The transmitted wave/light will experience refraction at the boundary between media. As we observe the diagram on the right, the individual wavefronts will bend as it cross the boundary. Once the wavefront cross the boundary, it travels in a straight line, hence why refraction is known as a boundary behaviour. The diagram shows a ray drawn perpendicular to the wavefronts which represents the direction which light travels. We can see that the rays travel in a straight line inside of the two media, and bends at the boundary.
This occurs because the angle at which the rays hit the boundary (called the angle of incidence) determines the angle at which the rays will refract (called the angle of refraction). Light rays are measured from the normal, not from the medium boundary. Snell’s law shows a mathematical relationship between the light’s angles of incidence and refraction, and the refractive indices of the media it travels through: n1sinθ1=n2sinθ2 Where: θ1=angle of incidence θ2=angle of refraction n1=index of refraction of first medium
In this experiment, Young allowed a ray of light to pass through a pinhole and strike a card. He hypothesised that if light contained particles or simple straight-line rays, the light not blocked by the card would pass through the slits and travel in a straight line and form two bright spots on the screen. But instead a pattern of light and dark strips formed. Young explained this pattern by comparing it to a water wave with crests and troughs. This then lead to the conclusion that light is a wave because as the light went through the slits and onto the screen, the light beams interfered with each other as there were dark and light beams on the page, meaning that where the crests met, the light was bright and where a crest and trough met the light was darker as crests and troughs cancel each other out.
Slowly turn the coarse adjustment so that the objective lens goes up (away from the slide). Continue until the image comes into focus. Use the fine adjustment, if available, for fine focusing. 7. Move the microscope slide around so that the image is in the center of the field of view and readjust the mirror, illuminator or diaphragm for the clearest image.
The plano-convex lens is replaced with another glass plate and a section of optical fibre was placed between them at one end. Light falling normally on the plates will be reflected back out with a phase difference. Figure 3: Apparatus set up for finding the thickness of an optical fibre, showing the optical fibre between the two glass plates This is due to the fact that some of the coherent light waves were reflected from the top plate and others from the bottom, this path difference resulted in the interference of these waves with one another. This caused an interference pattern similar to the below image: Figure 4: Image similar to the observed interference pattern.  This pattern is also linked to Equations 1&2 as stated previously.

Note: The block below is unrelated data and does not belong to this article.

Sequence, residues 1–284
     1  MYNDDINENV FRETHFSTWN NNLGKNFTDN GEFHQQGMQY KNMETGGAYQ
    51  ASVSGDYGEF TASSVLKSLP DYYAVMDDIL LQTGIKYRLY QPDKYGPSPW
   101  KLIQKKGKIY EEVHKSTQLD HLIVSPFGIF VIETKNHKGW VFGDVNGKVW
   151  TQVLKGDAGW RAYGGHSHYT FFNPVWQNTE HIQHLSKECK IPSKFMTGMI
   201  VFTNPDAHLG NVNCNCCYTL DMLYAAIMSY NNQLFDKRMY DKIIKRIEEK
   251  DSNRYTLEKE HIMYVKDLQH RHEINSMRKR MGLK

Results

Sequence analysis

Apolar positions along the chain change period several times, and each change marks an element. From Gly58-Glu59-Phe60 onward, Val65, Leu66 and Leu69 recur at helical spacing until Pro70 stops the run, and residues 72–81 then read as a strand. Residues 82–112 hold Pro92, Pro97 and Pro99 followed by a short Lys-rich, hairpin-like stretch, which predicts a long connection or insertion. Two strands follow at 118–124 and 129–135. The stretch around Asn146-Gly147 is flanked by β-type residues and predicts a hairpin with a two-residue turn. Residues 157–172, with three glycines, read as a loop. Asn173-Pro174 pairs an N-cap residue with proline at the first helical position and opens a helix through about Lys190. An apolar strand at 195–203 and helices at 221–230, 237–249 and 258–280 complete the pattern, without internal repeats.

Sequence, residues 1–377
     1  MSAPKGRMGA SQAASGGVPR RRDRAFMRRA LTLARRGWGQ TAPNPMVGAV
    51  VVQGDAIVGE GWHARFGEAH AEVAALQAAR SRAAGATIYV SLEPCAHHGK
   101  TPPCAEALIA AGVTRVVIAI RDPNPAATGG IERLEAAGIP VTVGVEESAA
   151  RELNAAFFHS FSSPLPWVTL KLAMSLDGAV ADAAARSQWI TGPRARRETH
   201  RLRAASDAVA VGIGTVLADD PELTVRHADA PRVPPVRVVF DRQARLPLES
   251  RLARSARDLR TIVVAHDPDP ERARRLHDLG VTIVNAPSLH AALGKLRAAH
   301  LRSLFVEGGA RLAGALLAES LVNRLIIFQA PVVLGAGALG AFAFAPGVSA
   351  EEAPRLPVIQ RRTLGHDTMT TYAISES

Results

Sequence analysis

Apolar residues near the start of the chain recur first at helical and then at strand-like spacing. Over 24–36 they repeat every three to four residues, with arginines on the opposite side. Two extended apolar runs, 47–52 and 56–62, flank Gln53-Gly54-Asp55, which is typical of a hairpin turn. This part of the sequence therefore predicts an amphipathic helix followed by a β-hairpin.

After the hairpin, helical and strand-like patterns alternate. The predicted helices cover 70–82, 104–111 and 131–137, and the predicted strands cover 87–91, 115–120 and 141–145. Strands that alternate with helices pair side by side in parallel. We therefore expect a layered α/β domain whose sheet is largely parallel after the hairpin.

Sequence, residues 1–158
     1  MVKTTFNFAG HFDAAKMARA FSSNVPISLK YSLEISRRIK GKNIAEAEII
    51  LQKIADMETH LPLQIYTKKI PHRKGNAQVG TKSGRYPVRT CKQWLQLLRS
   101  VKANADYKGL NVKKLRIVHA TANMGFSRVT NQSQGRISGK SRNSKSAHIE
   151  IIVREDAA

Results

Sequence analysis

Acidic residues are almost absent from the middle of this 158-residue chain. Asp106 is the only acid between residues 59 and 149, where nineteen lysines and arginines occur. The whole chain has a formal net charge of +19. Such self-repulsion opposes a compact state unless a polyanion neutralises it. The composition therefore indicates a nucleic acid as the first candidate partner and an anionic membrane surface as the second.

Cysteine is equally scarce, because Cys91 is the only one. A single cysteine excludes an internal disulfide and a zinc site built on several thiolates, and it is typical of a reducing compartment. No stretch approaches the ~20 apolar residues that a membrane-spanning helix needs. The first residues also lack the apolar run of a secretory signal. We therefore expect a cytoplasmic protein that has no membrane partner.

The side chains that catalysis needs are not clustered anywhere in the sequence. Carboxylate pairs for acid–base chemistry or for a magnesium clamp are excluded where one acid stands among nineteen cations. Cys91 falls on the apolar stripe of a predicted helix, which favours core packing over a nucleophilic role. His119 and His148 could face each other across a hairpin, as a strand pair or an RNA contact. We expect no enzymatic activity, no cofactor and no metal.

The factor involved in this process is called the law of reflection. Because this law has only been applied to rays in the real world, i.e. rays of light, it is defined using rays and mirrors. However, this experiment requires the replacement of the mirror and rays of light, with a shield and target. “The law of reflection states that the incident [shield], the reflected [shield], and the normal to the [target]… lie in the same plane.
The different amount energies released results in different color. This reason is the same reason that different elements have different line spectra. The quantum theory says that a certain amount of energy has be released or absorbed and Bohr 's said the same but with restrictions. The quantum theory would explain the vast differences in energy in color. The reason atoms need heat is because heat gives the atoms energy which causes them to move to an excited and then back to ground state.
It is also known as birefringent (the refractive indexes seen by horizontally and vertically polarised light are different). Slowing one of the linear components of the beam, oriented plate will convert linearly polarised light into circularly polarised light. A beam (left- or right-CPL) will produced . The basis of circular dichroism is the difference in the absorbance of left- and right-CPL. A molecule that absorbs LCP and RCP differently is considered as optically active or chiral molecule.
Introduction: A wave is a disturbance in the medium that transfers energy from one place to another, there are two types of waves; longitudinal waves and transverse waves. Longitudinal waves ' are waves that vibrate or travel in the direction of propagation; back and forth. Transverse waves ' are waves where the medium oscillates at right angles to the direction of the propagation; up and down. Sound waves are categorised as longitudinal waves as they produce oscillations, along with having compressions and rarefactions. The oscillations of the wave cause the medium surrounding it to oscillate along with it, allowing the sound to travel around the area.
The last two muscles are the superior oblique and the inferior oblique. The superior travels through the trochlea and then attaches to the top of the eye, it rotates the eye inward around the long axis of the eye and also has the ability to move the eye downward. The inferior begins in the front orbit by the nose and travels outward/backward before attaching to the bottom part of the eyeball. This muscle does what the one listed above and has the ability to move the eyeball outward in a front to back motion but can also move the eyeball upward (AAPOS). If there is any imbalance in these intricate muscles this is when we see the most common type of amblyopia arise.